After Flint, Watchdog Urges E.P.A. to Monitor Drinking Water More Closely

The E.P.A.’s inspector general says the agency should have acted more aggressively under the Safe Drinking Water Act to protect the residents of Flint, Mich.

The Environmental Protection Agency’s failure to intervene earlier and stop the water crisis in Flint, Mich., exposed a need for wholesale changes to how federal officials monitor drinking water systems, a government watchdog said Thursday.

A report from the E.P.A.’s Office of Inspector General said management weaknesses hobbled the agency’s response to the lead and other contaminants that poisoned Flint’s drinking water for more than a year and that federal officials should have taken stronger action to correct repeated blunders by state regulators.

“While Flint residents were being exposed to lead in drinking water, the federal response was delayed, in part, because the E.P.A. did not establish clear roles and responsibilities, risk-assessment procedures, effective communication and proactive oversight tools,” the 74-page report said.

The inspector general called for the E.P.A. to check on states annually to make sure they are complying with federal lead and copper rules, to pay special attention to state regulators in Michigan, and to improve the federal response to water contamination emergencies.

E.P.A. officials said they accepted the recommendations, though some Democrats said they remained skeptical that stricter monitoring would occur under the Trump administration.

“You actually have to get out there and do the oversight,” said Representative Dan Kildee, a Democrat who represents the Flint area. “It has to be much more aggressive.”

The report comes more than four years after Flint, a financially struggling city of just fewer than 100,000 residents, switched its drinking water source to the Flint River. The move was intended to save money, but officials failed to treat the river water with required chemicals that prevent pipes from corroding. Residents were left with discolored, odd-smelling, lead-tainted water that government officials insisted for months was safe, even as residents complained of rashes and illness.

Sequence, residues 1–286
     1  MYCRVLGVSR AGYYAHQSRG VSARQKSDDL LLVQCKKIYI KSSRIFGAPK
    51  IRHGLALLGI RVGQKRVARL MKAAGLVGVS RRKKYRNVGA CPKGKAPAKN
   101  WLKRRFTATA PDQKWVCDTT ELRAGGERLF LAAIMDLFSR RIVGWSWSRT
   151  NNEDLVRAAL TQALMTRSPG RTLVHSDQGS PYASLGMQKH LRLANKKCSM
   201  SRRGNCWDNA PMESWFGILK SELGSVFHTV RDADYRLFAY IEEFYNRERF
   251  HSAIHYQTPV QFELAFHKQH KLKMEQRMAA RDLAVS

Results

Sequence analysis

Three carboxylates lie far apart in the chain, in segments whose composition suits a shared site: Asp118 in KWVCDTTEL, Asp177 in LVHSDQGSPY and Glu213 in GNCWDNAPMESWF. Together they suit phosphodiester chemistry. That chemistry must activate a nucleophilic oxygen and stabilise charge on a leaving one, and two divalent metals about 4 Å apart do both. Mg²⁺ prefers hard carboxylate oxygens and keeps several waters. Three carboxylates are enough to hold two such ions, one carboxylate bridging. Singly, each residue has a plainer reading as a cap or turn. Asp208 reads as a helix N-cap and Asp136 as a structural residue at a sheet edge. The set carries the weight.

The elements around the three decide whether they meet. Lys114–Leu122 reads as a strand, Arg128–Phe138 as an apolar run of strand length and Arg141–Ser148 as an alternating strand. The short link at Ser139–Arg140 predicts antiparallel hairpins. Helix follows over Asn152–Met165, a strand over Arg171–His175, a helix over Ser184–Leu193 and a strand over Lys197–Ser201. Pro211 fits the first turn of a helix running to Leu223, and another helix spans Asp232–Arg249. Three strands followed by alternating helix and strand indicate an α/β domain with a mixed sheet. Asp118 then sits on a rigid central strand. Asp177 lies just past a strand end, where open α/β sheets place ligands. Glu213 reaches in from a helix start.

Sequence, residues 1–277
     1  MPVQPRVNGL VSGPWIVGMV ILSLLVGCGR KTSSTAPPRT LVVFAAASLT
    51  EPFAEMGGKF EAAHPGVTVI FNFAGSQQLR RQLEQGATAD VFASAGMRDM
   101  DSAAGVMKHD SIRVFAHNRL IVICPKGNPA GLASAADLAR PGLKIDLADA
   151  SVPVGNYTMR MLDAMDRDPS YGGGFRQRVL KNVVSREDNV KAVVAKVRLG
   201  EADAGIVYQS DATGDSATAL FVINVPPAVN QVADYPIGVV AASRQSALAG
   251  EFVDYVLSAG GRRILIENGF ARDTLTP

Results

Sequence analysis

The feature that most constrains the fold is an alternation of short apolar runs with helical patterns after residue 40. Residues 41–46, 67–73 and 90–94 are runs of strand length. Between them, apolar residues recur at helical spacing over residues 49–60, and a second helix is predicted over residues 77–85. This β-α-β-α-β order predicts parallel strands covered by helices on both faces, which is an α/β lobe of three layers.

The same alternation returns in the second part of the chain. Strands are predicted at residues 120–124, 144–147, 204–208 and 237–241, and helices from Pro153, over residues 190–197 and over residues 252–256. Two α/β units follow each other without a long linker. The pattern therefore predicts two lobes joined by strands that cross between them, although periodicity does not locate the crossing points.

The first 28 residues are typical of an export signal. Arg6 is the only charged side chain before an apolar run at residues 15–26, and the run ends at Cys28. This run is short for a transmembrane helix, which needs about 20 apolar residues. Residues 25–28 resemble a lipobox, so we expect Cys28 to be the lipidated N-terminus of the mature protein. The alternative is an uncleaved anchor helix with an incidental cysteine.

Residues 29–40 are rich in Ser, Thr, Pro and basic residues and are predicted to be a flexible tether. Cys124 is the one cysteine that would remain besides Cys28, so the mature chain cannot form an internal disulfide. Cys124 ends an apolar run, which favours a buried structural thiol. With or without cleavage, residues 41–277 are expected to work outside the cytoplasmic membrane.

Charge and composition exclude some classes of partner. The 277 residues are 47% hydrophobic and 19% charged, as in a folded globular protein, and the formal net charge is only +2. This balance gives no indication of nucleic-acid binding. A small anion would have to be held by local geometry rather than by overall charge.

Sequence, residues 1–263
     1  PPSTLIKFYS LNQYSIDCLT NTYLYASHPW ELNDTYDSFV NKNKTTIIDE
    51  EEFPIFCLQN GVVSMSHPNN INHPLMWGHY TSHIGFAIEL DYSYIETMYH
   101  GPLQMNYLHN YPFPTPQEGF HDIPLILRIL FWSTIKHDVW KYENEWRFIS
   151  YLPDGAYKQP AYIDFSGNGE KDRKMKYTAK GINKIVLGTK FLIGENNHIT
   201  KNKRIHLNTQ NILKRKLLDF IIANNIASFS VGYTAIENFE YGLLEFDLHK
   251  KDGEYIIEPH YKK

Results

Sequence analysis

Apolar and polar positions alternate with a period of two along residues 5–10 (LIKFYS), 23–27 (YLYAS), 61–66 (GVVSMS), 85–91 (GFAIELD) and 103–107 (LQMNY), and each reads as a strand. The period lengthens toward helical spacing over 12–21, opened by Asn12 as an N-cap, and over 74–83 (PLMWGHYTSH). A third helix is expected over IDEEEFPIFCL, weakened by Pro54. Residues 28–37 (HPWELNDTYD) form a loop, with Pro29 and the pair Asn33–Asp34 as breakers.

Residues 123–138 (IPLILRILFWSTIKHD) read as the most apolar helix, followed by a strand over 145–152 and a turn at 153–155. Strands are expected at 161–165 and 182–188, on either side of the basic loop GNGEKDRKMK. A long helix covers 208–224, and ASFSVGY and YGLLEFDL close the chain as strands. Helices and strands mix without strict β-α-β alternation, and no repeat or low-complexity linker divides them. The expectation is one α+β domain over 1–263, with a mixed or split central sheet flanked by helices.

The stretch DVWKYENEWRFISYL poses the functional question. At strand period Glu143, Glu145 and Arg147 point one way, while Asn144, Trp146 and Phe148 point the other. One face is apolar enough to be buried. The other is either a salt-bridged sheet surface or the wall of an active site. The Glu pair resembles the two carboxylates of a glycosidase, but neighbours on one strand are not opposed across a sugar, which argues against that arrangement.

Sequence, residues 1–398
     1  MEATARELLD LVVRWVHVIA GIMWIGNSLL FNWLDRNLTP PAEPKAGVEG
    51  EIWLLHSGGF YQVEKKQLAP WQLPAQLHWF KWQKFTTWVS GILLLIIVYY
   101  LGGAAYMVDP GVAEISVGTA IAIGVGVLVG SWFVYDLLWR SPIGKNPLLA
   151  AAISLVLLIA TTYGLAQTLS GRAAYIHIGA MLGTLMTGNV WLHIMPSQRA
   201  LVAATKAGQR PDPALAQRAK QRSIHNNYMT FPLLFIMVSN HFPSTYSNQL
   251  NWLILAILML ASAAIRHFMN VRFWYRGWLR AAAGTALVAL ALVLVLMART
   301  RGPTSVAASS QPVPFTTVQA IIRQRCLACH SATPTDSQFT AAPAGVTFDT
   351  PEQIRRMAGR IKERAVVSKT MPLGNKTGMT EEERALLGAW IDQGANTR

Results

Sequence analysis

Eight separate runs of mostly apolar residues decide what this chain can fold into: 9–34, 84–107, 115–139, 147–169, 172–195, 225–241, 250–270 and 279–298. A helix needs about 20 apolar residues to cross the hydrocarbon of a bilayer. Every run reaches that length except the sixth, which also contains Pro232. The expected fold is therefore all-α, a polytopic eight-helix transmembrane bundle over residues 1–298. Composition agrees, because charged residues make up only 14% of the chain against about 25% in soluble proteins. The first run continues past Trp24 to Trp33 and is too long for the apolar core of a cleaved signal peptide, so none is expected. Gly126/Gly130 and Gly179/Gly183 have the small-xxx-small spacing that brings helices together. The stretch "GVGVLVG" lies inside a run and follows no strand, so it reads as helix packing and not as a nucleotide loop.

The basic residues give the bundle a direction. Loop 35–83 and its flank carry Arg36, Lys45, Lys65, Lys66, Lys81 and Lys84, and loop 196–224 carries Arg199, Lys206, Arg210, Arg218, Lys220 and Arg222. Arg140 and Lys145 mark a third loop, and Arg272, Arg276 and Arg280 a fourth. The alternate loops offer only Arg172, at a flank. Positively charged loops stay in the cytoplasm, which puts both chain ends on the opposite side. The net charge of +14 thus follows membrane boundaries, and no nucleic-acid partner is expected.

The E.P.A. inspector general has previously faulted the agency’s response in Flint, and residents for years have blamed the tainted water on failures at all levels of government, especially the Michigan Department of Environmental Quality, which is responsible for ensuring safe drinking water in the state. Several state and local officials have been charged with crimes for their roles in the city’s water crisis.

The new report called for more aggressive federal oversight of states and cited instances when the E.P.A. could have used its authority under the Safe Drinking Water Act to intervene earlier and more forcefully in Flint.

“The Flint water crisis demonstrates that public health is not protected when E.P.A. regional staff — with multiple warning signs — do not use” the agency’s authority under federal law, the report said.

Enesta Jones, a spokeswoman for the E.P.A., said in a statement that the agency agreed with the inspector general’s recommendations and “is actively engaging with states to improve communications and compliance with the federal Safe Drinking Water Act to safeguard human health.”

The E.P.A.’s missteps and lax oversight outlined in the report occurred during the administration of President Barack Obama. But the hands-on approach to regulation that the inspector general called for contrasts with the preferences of the Trump administration, whose E.P.A. leaders have sought to give more authority to state and local agencies.

The report was seen by some as a powerful warning to other cities and states to not stray from federal drinking water standards.

“What this does is remind us that Flint was a serious governmental failure, and that that failure has consequences for other municipalities,” said Peter Jacobson, a professor emeritus of health law and policy at the University of Michigan. “Flint isn’t the only jurisdiction with elevated levels of lead in the water, with failures to monitor lead levels in the water.”

As national attention on Flint’s water crisis has faded, the city’s challenges have persisted. Crews are only midway through a plan to replace lead water lines at all occupied homes in the city. And many residents were outraged earlier this year when Michigan officials ended free bottled water distribution and insisted that the city’s water now meets federal lead standards.

Eric Mays, a Flint City Council member, said Thursday that he was pleased that Flint’s situation was forcing a reckoning at the E.P.A. and other agencies that let his city down. “Flint has woke the country up and woke that agency up,” he said.

But the city remains wary. Mr. Mays only drinks bottled water.

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